Interviewer: Mariham Magdy
Brief Biography about the Interviewee:
Mr. Vijay Gandhi has worked with human resource teams for over 20 years to provide them with tools, benchmarks, insights and data to help them design high level global HR frameworks and make decisions for local executive teams, remuneration committees and board of directors in public and privately owned companies across different sectors. He oversees the commercial activities of Reward & Benefits in KF Digital across Europe, Middle East and Africa.
Vijay has an MBA from Durham University (UK) and BBA in Finance & International Business from University of Wisconsin-Madison (USA). He joined Korn Ferry in 2001 in Dubai and has worked in EMEA and Asia region. In May 2018, he was honored with Forbes “Top 50 Indian Executives in Arab World”
1.HR Revolution Middle East: Mr. Vijay, welcome to HR Revolution Middle East Magazine. It’s a great pleasure to have the opportunity to make this interview with you.
As the Regional Director for Korn Ferry Digital, we are keen to learn from you more about KF Digital, how do Korn Ferry’s digital applications help organizations to transform or enhance their organizational strategy?
Through the Korn Ferry Digital platform, our clients gain direct access to our data, insights, analytics and digital solutions – enabling them to drive performance in their organizations in a scalable way through their people, using one enterprise-wide framework and language of talent. Our digital solutions cover the whole talent journey. So, whether it’s developing a new talent strategy or reward program, making informed decisions about hiring or developing talent from within the organization, getting the right people on board, or even collecting feedback on how engaged employees really are, right across the organization – Korn Ferry Digital provides the answers.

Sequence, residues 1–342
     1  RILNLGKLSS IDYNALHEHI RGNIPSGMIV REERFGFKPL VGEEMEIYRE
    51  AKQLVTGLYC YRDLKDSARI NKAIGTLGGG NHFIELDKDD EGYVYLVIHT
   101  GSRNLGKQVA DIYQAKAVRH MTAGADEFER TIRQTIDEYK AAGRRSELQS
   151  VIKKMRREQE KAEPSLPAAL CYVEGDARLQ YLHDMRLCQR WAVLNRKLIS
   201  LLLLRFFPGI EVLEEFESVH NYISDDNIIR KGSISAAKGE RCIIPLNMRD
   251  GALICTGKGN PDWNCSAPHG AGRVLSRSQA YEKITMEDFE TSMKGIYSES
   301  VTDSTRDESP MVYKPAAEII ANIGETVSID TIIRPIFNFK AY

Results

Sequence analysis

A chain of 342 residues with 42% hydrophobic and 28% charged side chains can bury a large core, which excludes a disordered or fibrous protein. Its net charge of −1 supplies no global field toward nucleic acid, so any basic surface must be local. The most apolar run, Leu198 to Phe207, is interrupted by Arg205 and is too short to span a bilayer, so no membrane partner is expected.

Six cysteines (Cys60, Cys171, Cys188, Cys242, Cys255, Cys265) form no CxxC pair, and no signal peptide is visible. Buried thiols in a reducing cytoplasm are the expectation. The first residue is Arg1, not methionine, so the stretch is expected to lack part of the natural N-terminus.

Our solutions serve as an integrated platform that gives clients direct access to the data, insights and analytics. Clients benefit from one enterprise-wide talent framework and language that helps drive organizational performance through people.
2- HR Revolution Middle East: To what extent can we trust the results of the digital assessments? How can organizations use the data that Korn Ferry collects to make intelligent hiring, reward, development decisions?
Mr. Vijay Gandhi:
Korn Ferry Digital is fueled by the most comprehensive and up-to-date people and organization databases. This data provides the DNA for our digital solutions, bringing a research-based foundation to underpin quality and consistency in your HR practices. Over 4 billion data points have been collected, including:
- Over 69 million assessment results
- 8 million employee engagement survey responses
- Rewards data for 20 million employees across 25,000 organizations and 130+ countries
We’ve pulled the data together into a comprehensive set of actionable and dynamic Success Profiles. Success Profiles define “what good looks like” and include data around three dimensions – the accountabilities of a role, the associated capabilities to perform these responsibilities, and the traits and drivers that are characteristic of a person who will thrive in this role.
Organizations have access to over 4,000 individual Success Profiles across 30,000 job titles – and we are continually updating and adding new profiles, so you get to leverage the latest thinking on emerging roles. The results are therefore based on deep insight and research.
3- HR Revolution Middle East: Mr. Vijay, we are eager to learn from you more about the success story behind honoring you as one of the Top 50 Indian Leaders in Arab World by Forbes Middle East in 2018 – Region’s greatest success stories as Regional Director at Korn Ferry Digital.
Mr. Vijay Gandhi:
I am a long-time resident of the Arab region, where my family roots go back 60 years, before the UAE federation was formed. Knowing the culture, people and dynamics of working in the Arab world has been natural as this has been home to our family where my kids are the 5th generation. For more than 20 years, I have worked closely with human resource teams in the Arab world to execute their talent strategy. A lot has changed in this period in HR function itself which was regarded as a payroll function few decades ago. Today, HR and People strategy are board room discussions where HR plays a strategic role in driving workforce performance.
In these positively growing and changing times, my focus was on leveraging tools, benchmarks, insights and data to design high-level global HR frameworks for senior executives in the region – helping them more effectively manage their talent. We have built successful client partnerships in the region which has made Korn Ferry as a go to organizational consulting firm.
4- HR Revolution Middle East: For over 20 years, you have overseen the activities of pay, talent, surveys and listening products across Europe, Middle East and Africa. What are the unique characteristics of the Middle East organizations especially in talent and pay management? How does we differ from other regions as Europe & Africa?
Mr. Vijay Gandhi: